Were medieval people really meant to believe that’s how elephants mated? According to bestiary scholars, they were not as gullible as us modern, post-Renaissance people would like to believe. As McCulloch explained, back in 1962, the bestiaries’ audience understood these were didactic stories. They didn’t believe that elephants had to eat human-plant hybrids in order to do it.
In the 21st century, though, people are all too willing to believe that medieval artists and writers were doing their best to document natural history, using limited information. Images from bestiaries are often framed as efforts “based on hearsay” or “descriptions of travelers.” King Louis IX of France gifted King Henry III of England an elephant in 1255, and the elephant came to live at the Tower of London, which at the time was used as a castle and residence rather than a gloomy prison. It’s often said that after that, British artists were able to draw the elephant more naturalistically.
But the trunks portrayed as trumpets hint that this judgment isn’t quite right. There are plenty of written descriptions of the elephant’s trunk, and none of the ones I found describe it as “shaped like a trumpet.” Aristotle explained that the elephant’s trunk “is capable of being crooked or coiled at the tip, but not of flexing like a joint, for it is composed of gristle.” Hexameron of Ambrose, writing in the fourth century A.D., noted that an elephant has a hollow, “projecting trunk” that it uses to suck up huge quantities of water and pour them down its throat. One medieval writer said it is “like a snake, fortified with a wall of ivory.”
The only reference I could find connecting an elephant’s trunk to a trumpet was Aristotle’s note that though an elephant makes a sigh-like sound using its mouth, “if it employ the trunk as well, the sound produced is like that of a hoarse trumpet.”
There’s more evidence, too, that bestiary artists were making a choice when they drew elephants in these less-than-naturalistic ways. In her book Medieval Bestiaries: Text, Image, Ideology, Debra Hassig (now Debra Strickland, a senior lecturer at the University of Glasgow) details how the naturalism of elephant images in bestiaries has little relationship to the appearance of that very real elephant in the Tower of London.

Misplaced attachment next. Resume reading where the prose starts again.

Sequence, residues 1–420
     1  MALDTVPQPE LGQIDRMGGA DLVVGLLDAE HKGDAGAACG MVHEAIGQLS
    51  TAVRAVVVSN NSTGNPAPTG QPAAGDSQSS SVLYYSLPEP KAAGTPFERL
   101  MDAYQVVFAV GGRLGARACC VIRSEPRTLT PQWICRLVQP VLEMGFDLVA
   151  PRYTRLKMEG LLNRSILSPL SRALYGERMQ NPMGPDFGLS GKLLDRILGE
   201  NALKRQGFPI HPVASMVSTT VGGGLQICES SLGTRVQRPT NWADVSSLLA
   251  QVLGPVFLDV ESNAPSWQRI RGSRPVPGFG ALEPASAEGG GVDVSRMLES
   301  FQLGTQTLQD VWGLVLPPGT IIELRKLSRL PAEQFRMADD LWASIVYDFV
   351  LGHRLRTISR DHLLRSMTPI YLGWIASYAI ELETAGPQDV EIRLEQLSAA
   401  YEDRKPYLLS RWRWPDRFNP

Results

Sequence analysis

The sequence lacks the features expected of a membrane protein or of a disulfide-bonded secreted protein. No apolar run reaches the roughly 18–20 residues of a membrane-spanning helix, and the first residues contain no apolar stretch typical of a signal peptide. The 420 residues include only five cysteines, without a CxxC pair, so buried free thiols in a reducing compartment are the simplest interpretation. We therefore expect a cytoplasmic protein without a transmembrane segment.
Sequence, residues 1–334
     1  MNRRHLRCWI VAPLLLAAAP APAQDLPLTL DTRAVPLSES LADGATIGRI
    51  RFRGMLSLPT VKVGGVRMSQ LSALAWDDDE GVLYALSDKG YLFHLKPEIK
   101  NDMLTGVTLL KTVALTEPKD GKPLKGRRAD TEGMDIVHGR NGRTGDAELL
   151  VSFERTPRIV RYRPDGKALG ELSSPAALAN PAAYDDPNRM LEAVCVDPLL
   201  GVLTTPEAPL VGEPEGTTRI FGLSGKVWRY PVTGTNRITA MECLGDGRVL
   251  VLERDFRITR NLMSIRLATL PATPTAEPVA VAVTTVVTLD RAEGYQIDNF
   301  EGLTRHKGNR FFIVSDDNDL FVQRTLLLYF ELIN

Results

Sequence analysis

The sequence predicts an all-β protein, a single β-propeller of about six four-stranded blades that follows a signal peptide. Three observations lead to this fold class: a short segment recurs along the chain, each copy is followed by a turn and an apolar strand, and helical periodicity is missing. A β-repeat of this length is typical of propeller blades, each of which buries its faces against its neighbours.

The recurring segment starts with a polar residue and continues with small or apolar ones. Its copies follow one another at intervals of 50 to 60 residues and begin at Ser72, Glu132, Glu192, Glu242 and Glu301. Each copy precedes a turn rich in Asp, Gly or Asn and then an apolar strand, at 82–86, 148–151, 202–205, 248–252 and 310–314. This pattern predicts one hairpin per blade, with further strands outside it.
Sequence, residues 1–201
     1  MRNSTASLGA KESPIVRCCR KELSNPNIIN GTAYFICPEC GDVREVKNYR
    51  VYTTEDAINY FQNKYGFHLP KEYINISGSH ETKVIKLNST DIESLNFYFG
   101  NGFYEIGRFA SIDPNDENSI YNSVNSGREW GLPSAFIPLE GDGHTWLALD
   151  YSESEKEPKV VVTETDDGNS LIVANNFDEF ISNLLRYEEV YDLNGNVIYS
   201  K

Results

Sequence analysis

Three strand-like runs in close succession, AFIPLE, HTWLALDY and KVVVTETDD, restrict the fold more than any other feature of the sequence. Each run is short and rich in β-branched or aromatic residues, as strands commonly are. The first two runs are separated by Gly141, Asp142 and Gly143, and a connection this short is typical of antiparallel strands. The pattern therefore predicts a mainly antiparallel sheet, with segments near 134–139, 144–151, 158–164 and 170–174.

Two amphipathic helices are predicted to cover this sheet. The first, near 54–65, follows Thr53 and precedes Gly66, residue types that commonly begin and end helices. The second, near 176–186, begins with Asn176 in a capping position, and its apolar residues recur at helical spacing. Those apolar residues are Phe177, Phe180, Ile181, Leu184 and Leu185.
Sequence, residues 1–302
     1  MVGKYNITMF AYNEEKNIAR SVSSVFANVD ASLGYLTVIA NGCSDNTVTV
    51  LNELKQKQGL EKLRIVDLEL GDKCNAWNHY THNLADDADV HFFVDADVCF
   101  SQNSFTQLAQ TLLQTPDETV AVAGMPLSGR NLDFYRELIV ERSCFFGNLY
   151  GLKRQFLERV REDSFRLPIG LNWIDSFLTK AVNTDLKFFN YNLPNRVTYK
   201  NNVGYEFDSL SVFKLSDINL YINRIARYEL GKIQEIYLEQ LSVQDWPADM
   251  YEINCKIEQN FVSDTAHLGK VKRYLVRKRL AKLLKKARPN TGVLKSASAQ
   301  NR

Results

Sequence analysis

“There are very naturalistic renderings of elephants in some of the earliest English manuscripts, and very non naturalistic examples in some of the later ones,” she wrote. “The degree of naturalism found in a given image must have been the result of the artist’s decision, even in the wake of direct observation of a live specimen … In the bestiaries, fidelity to living creatures was not necessarily the artist’s goal.” In other words, the bestiary artists were making choices, and they sometimes chose not to depict the elephant in the most naturalistic way possible. Instead, they followed a different set of guidelines, focused on the story the image might tell rather than its fidelity to what the eye might see.
Is it possible that the artists drew the elephants’ trunks as trumpets to symbolize the sound the trunk made—to communicate the sound as part of the image? If bestiary stories were meant to be allegorical, if the images are already telling a story, if they were making those choices on purpose, perhaps this detail is just one more part of that system. Medieval artists might not have been working with the exact same information that we have now, but that’s not why their drawings look strange to us. They were communicating facts and ideas using a language we no longer understand.